Opportunity Inc. has identified several barriers to providing the CSL model of support. The barriers include: 1) hiring, developing and retaining trained staff, 2) maintaining financial viability, 3) clarifying funder expectations, and 4) identifying and implementing effective CSL specific training.
Lily was very nervous on move day. With the support of staff, Lily went shopping for new household items for her new apartment. Lily’s favorite color is red. While shopping, she found a red clock. The red clock became something that provided Lily comfort in her new apartment. She is so proud of her red clock and the significance of it. This has been a good reminder for the staff who support her that it is often the little things that have the most significance in our lives and what is often taken for granted.
For the first time in her life, Lily has a place she can call her own. For quite some time, Lily wanted to move out of the Adult Family Home where she lived, but never quite felt like it could be possible. Opportunity Inc. supported Lily to make the transition. Lily very much self-directed her move into an apartment and has lived there successfully for one month. Part of Lily’s transition into the community was coaching her to learn basic life skills that never had significance to her. Lily needed staff to teach her how to lock her front door. Lily needed staff to show her how to get her mail. Lily needed staff to show her how to get around her new neighborhood. All of these things that were once identified as barriers, became small hurdles that Lily overcame. Lily did not learn these things without making mistakes. One day, while out walking around her new neighborhood, Lily got lost and could not find her way home, resulting in a police escort back to her apartment. Every time there has been a hurdle or a challenge, Lily, with the help of her support team, has been able to implement a new plan or idea to help overcome the hurdle. Challenges are a real part of life for people living in their own communities. However, with support and a learning mindset, they can often be overcome.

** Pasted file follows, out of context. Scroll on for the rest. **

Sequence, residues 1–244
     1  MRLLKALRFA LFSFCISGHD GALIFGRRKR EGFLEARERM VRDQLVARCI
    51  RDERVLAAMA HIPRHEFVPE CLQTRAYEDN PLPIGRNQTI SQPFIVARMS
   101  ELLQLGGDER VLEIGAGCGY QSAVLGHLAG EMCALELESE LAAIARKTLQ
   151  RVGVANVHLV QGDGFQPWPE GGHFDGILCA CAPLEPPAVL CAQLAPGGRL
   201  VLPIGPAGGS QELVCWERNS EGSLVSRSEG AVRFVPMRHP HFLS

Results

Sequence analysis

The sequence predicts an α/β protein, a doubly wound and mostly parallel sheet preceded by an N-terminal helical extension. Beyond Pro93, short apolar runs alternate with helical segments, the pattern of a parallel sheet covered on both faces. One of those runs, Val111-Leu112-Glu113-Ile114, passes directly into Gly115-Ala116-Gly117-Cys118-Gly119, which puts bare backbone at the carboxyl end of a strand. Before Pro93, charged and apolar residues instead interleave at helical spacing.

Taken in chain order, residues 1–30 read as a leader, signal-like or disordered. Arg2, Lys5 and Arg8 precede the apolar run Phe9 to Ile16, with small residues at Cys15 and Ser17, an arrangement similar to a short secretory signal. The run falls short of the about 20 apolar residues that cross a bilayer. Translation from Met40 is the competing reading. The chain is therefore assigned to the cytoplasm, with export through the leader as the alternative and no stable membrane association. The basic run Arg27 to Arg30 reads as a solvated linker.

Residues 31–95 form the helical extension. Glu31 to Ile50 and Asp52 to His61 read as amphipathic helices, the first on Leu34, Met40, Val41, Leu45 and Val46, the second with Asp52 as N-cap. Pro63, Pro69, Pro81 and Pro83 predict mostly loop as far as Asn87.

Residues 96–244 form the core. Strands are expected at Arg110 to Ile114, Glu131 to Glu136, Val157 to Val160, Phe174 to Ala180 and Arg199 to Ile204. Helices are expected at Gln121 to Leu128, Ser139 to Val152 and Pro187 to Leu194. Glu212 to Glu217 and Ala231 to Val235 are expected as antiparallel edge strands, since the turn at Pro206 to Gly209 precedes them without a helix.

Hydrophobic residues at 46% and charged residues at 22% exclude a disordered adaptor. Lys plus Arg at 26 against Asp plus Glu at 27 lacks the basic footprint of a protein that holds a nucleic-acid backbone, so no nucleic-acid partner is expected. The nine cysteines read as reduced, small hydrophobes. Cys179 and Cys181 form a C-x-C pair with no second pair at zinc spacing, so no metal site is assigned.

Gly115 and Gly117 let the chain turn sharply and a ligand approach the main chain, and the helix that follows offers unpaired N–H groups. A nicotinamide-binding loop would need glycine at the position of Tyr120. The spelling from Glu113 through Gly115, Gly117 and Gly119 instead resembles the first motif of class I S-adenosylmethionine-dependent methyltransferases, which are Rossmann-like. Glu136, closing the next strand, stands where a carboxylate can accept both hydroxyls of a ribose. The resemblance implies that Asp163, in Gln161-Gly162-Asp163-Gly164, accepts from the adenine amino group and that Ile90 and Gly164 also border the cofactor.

For the CSL model to be successful, everyone has to work together. As we bring individuals closer to their community, we build relationships with our MCO, and we see changes in how our caregivers approach their work: they begin to think differently, to have more purpose, and more pride in their work.
The MCO, Community Care Connections of Wisconsin, supports the CSL model. Working together, we believe we will make a difference, increase options, increase choices, and increase the cost-effectiveness of supporting individuals to live more fully as part of their community.